Four-hundred people were shot in Chicago within the span of 31 days. Ninety of them died. Multiple outlets, including The Washington Post and CNN, are calling August the deadliest month the city has experienced in two decades.

Some news reports implicated widespread gang violence within the city for the drastic uptick in crime, while others focused on the influx of firearms from neighboring states with looser gun laws. A new documentary from BBC, titled “Lost Streets Chicago,” hones in on the impact of the seemingly inescapable violence concentrated in minority neighborhoods, with residents describing them as tantamount to “third-world countries.”

But in framing these horrific murders as the source of Chicago’s misfortune, those reporting on the gun violence epidemic misdiagnosed the root cause. Rather, gun violence in Chicago is actually a symptom of a subtle yet far-reaching type of brutality: systemic racism.

The simple truth is that the lack of regard for black life in Chicago extends beyond homicides.

It is a truth that even Chicago police Superintendent’s Eddie Johnson would seem to agree with.

“Impoverished neighborhoods, people without hope do these kinds of things,” Johnson told The Chicago Tribune. “You show me a man that doesn’t have hope, I’ll show you one that’s willing to pick up a gun and do anything with it.”

But the hope, or rather the lack thereof, that Johnson refers to didn’t magically disappear from neighborhoods like Washington Park, Bronzeville and South Shore.

Whether it begins with the decades-long apathy towards countering the lead paint poisoning that inhibits brain development within Black children who live in impoverished neighborhoods, or rather with the federal government’s 1939 redlining project that denied Black Chicagoans access to capital in the first place is yet to be determined. But one thing is certain: it permeates almost every aspect of life for residents of Chicago’s south and west side neighborhoods.

While Chicago, like most major cities, has long been plagued by violence, CNN reports that Chicago’s homicide rate began spiraling out of control in 2014. But this didn’t occur in a vacuum—it manifested itself alongside cuts to education and other resources that helped ensure quality of life.

As lawmakers in the Illinois legislature continue to play politics with the state’s budget, hundreds of Chicago’s public schools have been forced to close their doors. But the wave of closures over the past three years has overwhelmingly affected schools in minority neighborhoods. As a result, more children have to trek longer to get to school, with many unable to avoid walking through gang territory on the way. Aside from the risk of getting caught in crossfire, this makes them open targets for gang recruitment.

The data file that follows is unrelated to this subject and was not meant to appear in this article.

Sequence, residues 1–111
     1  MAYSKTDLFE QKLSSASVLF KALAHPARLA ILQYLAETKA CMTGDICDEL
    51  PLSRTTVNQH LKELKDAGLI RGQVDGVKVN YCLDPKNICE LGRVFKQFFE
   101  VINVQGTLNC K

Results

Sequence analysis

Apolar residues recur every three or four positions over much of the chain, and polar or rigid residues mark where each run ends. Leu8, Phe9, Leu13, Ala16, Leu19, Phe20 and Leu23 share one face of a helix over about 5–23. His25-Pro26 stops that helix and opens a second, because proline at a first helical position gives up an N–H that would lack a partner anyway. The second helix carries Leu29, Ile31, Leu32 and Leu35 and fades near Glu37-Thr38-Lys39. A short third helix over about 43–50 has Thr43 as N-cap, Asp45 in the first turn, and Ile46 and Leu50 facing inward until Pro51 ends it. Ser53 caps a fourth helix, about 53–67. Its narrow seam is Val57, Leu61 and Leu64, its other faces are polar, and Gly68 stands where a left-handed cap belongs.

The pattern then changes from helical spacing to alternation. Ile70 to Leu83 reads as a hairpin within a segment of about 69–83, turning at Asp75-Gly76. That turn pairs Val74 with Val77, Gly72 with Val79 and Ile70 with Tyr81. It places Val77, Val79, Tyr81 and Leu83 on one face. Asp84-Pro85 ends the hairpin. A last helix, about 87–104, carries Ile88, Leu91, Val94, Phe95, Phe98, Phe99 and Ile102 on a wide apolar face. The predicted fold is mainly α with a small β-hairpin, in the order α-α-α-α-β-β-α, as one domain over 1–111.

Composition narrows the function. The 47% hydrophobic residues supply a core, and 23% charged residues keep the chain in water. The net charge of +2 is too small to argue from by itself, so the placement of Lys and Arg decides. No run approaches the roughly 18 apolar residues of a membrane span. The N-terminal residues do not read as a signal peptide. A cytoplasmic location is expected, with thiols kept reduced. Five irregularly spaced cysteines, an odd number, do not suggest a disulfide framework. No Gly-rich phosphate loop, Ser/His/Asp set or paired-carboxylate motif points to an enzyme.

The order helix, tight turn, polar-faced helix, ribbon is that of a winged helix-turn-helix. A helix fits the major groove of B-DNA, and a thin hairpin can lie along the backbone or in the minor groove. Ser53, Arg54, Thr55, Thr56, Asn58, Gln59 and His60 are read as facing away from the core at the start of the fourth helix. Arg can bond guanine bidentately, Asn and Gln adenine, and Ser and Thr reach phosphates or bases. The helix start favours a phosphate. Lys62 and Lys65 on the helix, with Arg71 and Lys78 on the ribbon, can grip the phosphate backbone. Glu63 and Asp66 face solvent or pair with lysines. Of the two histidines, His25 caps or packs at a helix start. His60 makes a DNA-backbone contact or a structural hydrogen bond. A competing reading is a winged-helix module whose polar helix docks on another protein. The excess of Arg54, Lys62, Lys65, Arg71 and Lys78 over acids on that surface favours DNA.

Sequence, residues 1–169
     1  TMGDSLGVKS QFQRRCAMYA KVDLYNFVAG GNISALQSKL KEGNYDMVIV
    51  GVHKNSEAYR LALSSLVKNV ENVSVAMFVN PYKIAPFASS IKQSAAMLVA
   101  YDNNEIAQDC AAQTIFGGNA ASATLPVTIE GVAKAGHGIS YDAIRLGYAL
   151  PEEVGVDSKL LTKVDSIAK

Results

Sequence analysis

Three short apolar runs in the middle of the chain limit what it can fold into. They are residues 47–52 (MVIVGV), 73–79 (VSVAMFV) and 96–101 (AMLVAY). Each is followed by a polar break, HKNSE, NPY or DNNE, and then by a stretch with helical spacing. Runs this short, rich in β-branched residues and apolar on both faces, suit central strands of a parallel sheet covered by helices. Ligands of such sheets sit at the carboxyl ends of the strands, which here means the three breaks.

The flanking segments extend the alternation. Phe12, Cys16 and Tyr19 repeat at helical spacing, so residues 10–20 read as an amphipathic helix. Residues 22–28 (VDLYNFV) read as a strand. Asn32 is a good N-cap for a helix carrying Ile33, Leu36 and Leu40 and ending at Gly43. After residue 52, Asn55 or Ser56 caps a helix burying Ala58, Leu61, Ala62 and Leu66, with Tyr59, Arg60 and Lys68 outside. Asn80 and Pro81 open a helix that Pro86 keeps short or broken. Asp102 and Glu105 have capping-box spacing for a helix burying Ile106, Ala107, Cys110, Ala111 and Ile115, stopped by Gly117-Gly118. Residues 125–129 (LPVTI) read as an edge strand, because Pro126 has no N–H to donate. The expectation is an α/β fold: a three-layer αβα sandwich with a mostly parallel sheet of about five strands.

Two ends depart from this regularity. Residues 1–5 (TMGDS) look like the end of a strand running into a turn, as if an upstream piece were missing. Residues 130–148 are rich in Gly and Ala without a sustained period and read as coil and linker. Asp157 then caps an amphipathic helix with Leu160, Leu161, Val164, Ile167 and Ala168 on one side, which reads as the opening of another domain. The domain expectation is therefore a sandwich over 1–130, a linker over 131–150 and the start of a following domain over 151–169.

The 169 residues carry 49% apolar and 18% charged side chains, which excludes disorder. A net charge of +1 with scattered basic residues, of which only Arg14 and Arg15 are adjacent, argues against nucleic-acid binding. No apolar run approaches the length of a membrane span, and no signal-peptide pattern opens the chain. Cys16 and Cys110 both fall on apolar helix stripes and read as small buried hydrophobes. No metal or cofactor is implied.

The closures have been so disproportionately concentrated within Black and Latinx neighborhoods that the Department of Education’s Civil Rights Division is currently investigating the city’s public school system on the basis of racial discrimination.

Schools that have been lucky enough to avoid closure are now dealing with a shortage of necessary resources–which includes staff. In just four years, the Chicago Public School system slashed the number of school librarians from 454 to just 160. The ramifications are particularly disturbing for students in lower-income neighborhoods, as librarians can be pivotal in encouraging youth literacy and knowledge accumulation outside of the classroom.

Without opportunities to engage in supplemental reading, the gap between children from advantaged backgrounds and disadvantaged backgrounds only widens.

But there are other institutionalized problems that contribute directly to Chicago’s rampant gun violence: many of those responsible for the shootings are still on the street.

Chicago’s murder clearance rate (a statistic concerning the number of solved or closed murder cases) is the lowest among major cities in the country for the 10th year in a row. This might have something to do with the fact that the city’s detective unit has been reduced by 26 percent in the last eight years.

With fewer resources dedicated to either preventing crime altogether or making sure that those who have killed no longer have the opportunity to kill again, many Chicagoans no longer trust the state to keep them safe. As “Lost Streets Chicago” shows, some are now opting to carry firearms for their own protection. But, of course, this “shoot or be shot” mentality has only led to more bloodshed.

Very little, if any, of this context makes its way into reporting on Chicago’s gun violence. Instead, the epidemic is painted as one without an origin. The willful ignorance at play offers an inadequate perception of the problem, which could be remarkably detrimental to how we think of effective solutions.

Yes, Chicago’s neighborhoods are burning, but the fire was set deliberately. And until we confront that, the flames will rage on.

 

 

Image via Bart Everson

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